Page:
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  1. #1
    Join Date
    Aug 2002
    Location
    Nehawka, Nebraska USA
    Posts
    43,492

    Post

    Those of you using SBB how are you setting them up? On Concrete blocks? Regular hive stands? Wooden block? I wonder about the ants crawling up the grass and into the hive. Also about the amount of draft underneath (not enough vs too much). I'm trying mine several ways, but I am curious what others are doing and how it's working.

  2. #2
    Join Date
    Jun 2002
    Location
    parker county, tx
    Posts
    7,923

    Post

    I built a hive stand out of steel last Fall that has three legs along the length of it, sunk in concrete and post holes, with the platform sitting one foot off the ground. It is built of 4" steel channel and cee purlin, and bolted together. If I could post a photo, I would. It worked great, and I can put a sticky barrier on the legs to keep ants out of the hives. If you want to see a photo, there is one posted on the GardenWeb forum in the beekeeping gallery section ("hivestand for hobbyists" on page two of the gallery photos).

    [This message has been edited by dragonfly (edited June 16, 2003).]

    [This message has been edited by dragonfly (edited June 16, 2003).]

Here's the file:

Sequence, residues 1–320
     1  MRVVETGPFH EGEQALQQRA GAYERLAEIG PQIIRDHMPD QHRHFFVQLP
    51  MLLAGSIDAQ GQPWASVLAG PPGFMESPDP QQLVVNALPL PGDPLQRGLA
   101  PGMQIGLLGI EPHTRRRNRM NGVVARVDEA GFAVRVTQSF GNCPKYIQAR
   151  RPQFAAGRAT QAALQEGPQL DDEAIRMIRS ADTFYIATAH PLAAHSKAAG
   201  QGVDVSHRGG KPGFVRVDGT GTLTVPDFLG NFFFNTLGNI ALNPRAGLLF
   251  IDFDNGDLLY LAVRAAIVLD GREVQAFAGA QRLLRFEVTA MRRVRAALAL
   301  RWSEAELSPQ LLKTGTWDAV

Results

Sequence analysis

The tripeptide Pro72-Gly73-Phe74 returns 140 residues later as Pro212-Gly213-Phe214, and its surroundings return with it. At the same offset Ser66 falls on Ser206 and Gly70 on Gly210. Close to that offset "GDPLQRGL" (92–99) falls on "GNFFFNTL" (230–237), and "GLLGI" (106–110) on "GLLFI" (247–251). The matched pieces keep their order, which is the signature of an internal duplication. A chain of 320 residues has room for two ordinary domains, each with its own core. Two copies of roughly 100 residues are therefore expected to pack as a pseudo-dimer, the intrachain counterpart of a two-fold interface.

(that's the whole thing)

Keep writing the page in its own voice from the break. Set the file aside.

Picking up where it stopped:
3. #3
    Join Date
    Oct 2002
    Location
    The Scenic Flint Hills , KS
    Posts
    5,159

    Post

    I am making my own SBB's. I make mine with a removable bottom tray. I set my hives on 3" cinder blocks lain three tight in a row to make a solid base, either two or three high.

    In the winter I keep the tray inserted and there is still plenty of draft. I have never had a winter loss.

    In the spring I remove the tray except to monitor the mites.

    In the summer I remove the middle block to allow more ventilation.

    In the fall I re-insert the middle block.

    One of the experiments that I have had limited success with is the use of top entrances and screened bottom boards with no lower entrance.

    New hives, and small colonies took well to them and enter and exit as they should and are building very well.

    But those stupid SMR's and my extremely strong ex-Buckfast, now NWC, still set on the porch and try to enter the bottom via the bottom tray. They set there and block the air flow and never get inside.

    The problem is that I used the screens that are intended to set on a regular bottom board. I trimmed the lower block that went where the entrance was on a regular BB a 1/4" so I could slide a 1/8" tray in and blocked the new entrance above that so the bees could not enter and would have to use the upper entrance.

    So on two of five hives that use this type of bottom they just sit there and grow a long beard until they swarm I guess. I've tried proping the boxes apart to provide an entrance and bait them up, that helped some with the NWC some but not the SMR.

    In hindsight I should have turned the boards 180. I am going to give up on that design and make more of the SBB's with the trays, they are proving to work very well.

    By the way, my last weekly mite count for the week long drop was zero. yea, so now if I could just get them to make honey...

    Bill

  4. #4
    Join Date
    May 2003
    Location
    Riverbank, California, USA
    Posts
    18

    Post

    Hello Michael